The Miracle of Committing to a Specific Action

In our noisy world we are constantly bombarded by infinite ways to be distracted.  We're are asked to stay connected all the time and to make room for introspection. We're asked to be fit and to carve time to restore and relax.  We are asked to be mindful and to multitask.  And that is just my inbox today. No wonder it's very easy to live in a constant state of confusion.  

It doesn't have to be that way.

Instagram @eduardolifegram

Instagram @eduardolifegram

As I savor my green smoothie this morning, I'm thinking of the power of committing yourself to a single actionable goal.  You see, a few years ago I was having a hard time eating breakfast consistently and now for over a year, I have eaten a nutritious breakfast every single day.  As I type I can feel the nourishing Prana (life force) of my green smoothie hitting my veins and I'm reminded of an important life lesson that is often ignored:  if you commit to an action rather than thinking about a desire, you actually get to experience your intention.

The mistake we all make.

As soon as I began my yoga journey, I learned about setting intentions.  Simplified, your intentions are the energetic starting points for your goals.  If you come to my yoga class, as I learned it from my yoga teachers, I'll ask you at the beginning to center yourself and then set an intention.  The intention usually reveals itself naturally and in a simple form: "I will breath fully," "I will be strong," or "I will feel peace."  Whether in a yoga class or not, intentions are the seeds for our desired outcomes.

For example from my intention to "feeling nourished," I arrived to my goal of "eating breakfast."   I really wanted to honor my intention so I would think about "feeling nourished" every day.  Thinking about my intention did bring me to eat breakfast, sometimes.  I figured my spirit would guide my consciousness and it would unveil how breakfast would happen.  This resulted in zero progress and lots of self-disappointment.  Finally, I changed my strategy, I committed to plan my breakfasts for a week ahead of time.  I made the commitment by braking down my goal into small actions.  I studied options that would work for me.  I started focusing on the daily tasks that would make me eat breakfast till things aligned with my intention.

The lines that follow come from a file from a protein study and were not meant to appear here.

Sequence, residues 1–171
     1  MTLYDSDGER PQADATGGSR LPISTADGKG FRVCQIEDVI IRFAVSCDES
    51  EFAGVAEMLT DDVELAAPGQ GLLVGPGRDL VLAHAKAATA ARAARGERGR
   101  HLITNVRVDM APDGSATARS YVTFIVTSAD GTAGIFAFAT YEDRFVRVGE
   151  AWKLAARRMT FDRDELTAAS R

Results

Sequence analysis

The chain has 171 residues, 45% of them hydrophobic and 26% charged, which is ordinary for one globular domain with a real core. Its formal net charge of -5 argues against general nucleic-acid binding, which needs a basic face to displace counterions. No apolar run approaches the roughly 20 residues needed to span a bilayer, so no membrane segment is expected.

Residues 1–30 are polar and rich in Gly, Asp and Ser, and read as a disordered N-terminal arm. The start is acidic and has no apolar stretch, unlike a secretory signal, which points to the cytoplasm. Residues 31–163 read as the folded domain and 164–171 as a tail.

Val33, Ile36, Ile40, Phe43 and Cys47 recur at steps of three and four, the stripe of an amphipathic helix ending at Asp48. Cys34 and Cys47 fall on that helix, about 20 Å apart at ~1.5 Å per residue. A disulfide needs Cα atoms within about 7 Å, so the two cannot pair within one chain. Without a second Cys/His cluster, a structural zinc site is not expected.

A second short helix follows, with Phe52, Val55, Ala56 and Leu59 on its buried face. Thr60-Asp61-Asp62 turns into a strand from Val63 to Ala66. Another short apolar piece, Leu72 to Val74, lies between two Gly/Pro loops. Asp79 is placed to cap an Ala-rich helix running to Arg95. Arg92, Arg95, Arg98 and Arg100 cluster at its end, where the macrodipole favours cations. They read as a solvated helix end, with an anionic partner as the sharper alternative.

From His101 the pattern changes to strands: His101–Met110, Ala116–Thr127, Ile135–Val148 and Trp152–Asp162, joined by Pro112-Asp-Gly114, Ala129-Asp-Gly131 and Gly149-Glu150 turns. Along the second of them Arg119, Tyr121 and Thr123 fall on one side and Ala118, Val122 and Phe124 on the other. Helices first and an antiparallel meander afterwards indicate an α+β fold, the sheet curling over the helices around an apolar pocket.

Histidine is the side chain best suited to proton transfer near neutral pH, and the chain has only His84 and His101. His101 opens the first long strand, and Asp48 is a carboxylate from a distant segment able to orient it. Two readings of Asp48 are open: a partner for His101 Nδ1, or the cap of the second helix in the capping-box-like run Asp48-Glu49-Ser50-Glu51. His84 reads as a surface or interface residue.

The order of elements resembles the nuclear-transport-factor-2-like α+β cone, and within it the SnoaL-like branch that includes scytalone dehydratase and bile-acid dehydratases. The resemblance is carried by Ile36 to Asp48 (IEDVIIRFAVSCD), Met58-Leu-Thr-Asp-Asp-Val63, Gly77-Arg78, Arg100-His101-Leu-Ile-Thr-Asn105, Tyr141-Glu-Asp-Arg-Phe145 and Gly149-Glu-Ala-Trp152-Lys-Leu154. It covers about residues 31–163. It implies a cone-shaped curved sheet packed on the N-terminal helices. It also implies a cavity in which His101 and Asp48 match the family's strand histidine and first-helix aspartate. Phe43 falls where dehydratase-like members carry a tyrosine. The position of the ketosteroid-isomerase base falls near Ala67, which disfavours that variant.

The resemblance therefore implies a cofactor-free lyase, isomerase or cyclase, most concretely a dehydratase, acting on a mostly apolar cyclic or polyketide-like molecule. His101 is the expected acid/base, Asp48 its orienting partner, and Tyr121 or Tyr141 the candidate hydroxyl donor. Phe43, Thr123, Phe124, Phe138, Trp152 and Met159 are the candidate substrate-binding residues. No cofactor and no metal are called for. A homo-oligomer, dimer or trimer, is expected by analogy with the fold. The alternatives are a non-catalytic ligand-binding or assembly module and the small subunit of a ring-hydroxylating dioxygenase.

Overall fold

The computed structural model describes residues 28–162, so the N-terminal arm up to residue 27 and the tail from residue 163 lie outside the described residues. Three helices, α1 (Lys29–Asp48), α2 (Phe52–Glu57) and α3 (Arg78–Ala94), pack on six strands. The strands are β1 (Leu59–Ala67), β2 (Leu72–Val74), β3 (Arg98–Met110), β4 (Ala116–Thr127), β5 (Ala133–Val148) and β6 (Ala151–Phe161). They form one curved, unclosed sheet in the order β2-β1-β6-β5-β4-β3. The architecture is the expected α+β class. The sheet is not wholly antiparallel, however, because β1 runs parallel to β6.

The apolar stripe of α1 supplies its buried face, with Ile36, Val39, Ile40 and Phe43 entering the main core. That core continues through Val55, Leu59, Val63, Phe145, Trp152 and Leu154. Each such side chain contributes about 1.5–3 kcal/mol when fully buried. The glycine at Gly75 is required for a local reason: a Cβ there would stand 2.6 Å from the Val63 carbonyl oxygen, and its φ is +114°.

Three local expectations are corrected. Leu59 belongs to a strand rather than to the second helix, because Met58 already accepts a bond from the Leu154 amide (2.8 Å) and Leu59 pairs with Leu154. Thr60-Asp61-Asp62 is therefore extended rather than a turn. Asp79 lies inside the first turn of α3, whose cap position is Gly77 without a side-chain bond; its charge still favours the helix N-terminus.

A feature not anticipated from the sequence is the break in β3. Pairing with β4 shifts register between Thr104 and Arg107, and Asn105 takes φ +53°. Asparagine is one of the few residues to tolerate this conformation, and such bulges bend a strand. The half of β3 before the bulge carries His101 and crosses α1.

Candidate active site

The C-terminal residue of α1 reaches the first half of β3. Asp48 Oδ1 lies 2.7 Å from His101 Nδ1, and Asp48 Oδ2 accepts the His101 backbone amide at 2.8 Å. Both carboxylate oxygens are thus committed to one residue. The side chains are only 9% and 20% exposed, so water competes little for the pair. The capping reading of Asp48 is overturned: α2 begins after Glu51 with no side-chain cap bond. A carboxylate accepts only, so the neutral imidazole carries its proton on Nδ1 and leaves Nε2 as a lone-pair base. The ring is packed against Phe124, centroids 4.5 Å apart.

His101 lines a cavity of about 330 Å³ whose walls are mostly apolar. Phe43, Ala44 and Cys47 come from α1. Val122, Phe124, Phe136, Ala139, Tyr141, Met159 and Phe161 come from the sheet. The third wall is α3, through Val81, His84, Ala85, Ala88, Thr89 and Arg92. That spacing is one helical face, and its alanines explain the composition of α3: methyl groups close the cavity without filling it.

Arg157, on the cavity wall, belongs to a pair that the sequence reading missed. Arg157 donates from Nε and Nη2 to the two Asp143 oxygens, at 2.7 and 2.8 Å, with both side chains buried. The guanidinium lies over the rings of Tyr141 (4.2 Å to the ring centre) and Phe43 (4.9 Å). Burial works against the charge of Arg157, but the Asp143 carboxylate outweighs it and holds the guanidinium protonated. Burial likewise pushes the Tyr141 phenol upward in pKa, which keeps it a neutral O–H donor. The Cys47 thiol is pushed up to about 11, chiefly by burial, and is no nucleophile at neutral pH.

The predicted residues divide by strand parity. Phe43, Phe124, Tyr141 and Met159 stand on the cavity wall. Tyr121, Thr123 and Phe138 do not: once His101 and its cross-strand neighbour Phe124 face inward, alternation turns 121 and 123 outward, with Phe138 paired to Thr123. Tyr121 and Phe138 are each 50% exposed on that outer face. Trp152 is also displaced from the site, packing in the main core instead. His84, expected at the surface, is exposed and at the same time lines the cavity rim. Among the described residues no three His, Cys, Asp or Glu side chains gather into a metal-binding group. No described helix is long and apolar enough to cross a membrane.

My mistake was that I assumed that because I wanted to eat breakfast to honor my intention, I would end up getting a desirable result.  That wanting to do something was enough.

How often do you do this in your own life?

We often think about our intentions without committing to goals . And if we have goals, we think about them without breaking them into specific actions.  The bottom line is that without an action we won't experience our intention.  We want to "be of service" without committing our time and talents to helping others.  We want to "feel strong" without considering what part of our body we want to focus on and what exercises we'll be doing.  We wish to be "more creative," but we never work or finish a particular project.   In other words, we don't commit to a specific goal: a goal with tasks and a time frame.

Specific Actions Lead to Direction

All those intentions we set for ourselves will point us to important, but broad questions "what should I do with my life?" or "will I learn what love is?" or "how is God guiding me right now?"  Very important questions in our spiritual quest but non of these questions will clarify our next step.

When you commit to action driven goals, these are easy to break into tasks and then the steps are clearer to follow. You want to eat a nutritive breakfast tomorrow morning?  Next step:  what will constitute a nutritive breakfast?  So you found out what you want to eat? Next step:  do you have the ingredients at home or do you need to stop at the market?  OK, you got the ingredients? Next Step: how long will take you to prepare breakfast? At what time do you need to wake up? etc., etc.

Your intentions are important as a way to honor your deeper self, but if you only concentrate in your vague desires vs. specific goals, you'll end up confused and frustrated.  

Once you begin to commit to specific actions that work towards your goals, these will inform you of your next step and then the next, etc.  

So often, we avoid formulating a specific goal out of fear that we aren't sure if this goal will align with our intentions. We somehow forget that we can always change our mind later on.

This is perhaps the miracle about committing to a specific goal: if you concentrate in the actions to achieve your goals and not the goal itself, then you’ll begin to thrive and achieve something greater than you ever imagined.

Commit to something and begin it now.

Once you fully decide to start, to paraphrase Pablo Coelho, the universe will find ways to help you finish.